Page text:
That's my top four reasons. As you can see only the first point is user-oriented. The other three points are all developer-oriented. Surprising, isn't it?

6 comments :: 4 Reasons Why Plugin Architectures are Awesome

  1. Point #2 is moot because plugins are just a dynamically deployable components against a standardized interface. A well componentized application (i. e. with clear interfaces) is just as easily "debugabble" because the different components will be unit tested and can thus be individually "debugged", without having to remove components one by one to see what is wrong.

    You also neglect the effort that has to go into determining the right plugin configuration (including the right versions), downloading them, configuring each one in just the right way in order to reproduce the bug. This can be a nightmare.

  2. @Jakob

    "the different components will be unit tested and can thus be individually debugged"

    What data will you feed into such an individual component when you try to debug it?

    Working on a bug starts from some initial input that is known to produce the bug when fed into the top-level component. If all you have is highly decoupled components you need to break this input into small pieces - that correspond to the inputs that individual components will get when the top-level component processes the initial input. Then you need to compute the expected output for each such input. This is a manual process which is tedious and highly error prone.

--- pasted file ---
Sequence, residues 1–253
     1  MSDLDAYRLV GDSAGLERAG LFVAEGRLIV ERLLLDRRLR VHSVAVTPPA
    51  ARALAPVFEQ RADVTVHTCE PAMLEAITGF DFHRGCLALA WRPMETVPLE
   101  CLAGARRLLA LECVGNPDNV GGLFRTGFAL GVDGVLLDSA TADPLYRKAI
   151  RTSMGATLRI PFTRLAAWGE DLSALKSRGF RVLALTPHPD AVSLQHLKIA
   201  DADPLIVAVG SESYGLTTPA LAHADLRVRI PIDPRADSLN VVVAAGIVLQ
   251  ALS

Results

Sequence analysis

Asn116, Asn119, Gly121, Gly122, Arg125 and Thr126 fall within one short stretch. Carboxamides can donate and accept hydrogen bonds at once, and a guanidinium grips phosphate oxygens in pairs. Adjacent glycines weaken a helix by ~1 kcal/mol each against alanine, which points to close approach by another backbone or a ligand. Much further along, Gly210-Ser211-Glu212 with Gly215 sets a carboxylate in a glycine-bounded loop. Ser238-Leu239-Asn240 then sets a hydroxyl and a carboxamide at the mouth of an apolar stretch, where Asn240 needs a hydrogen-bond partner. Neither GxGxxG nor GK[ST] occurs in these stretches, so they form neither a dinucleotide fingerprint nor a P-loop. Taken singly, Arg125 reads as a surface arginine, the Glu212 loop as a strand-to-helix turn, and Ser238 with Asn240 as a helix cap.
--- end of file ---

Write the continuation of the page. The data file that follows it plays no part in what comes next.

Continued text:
"You also neglect the effort..."

    Like most things design choices, plugin support has its tradeoffs. I am not saying that one should always employ plugin-based designs. I am, however, surfacing some non-obvious reasons in favor of such designs.

  3. Agree with previous comment. Plugin architecture allows you to identify almost instantly the piece of code with problems. If you have to ask somebody to eliminate suspects than you are already in the middle of the hell.

    On the other hand you have another advantage which should be at top. It allows a company to build many products using same platform. Reusing modules provides two awesome things: good communication and standards.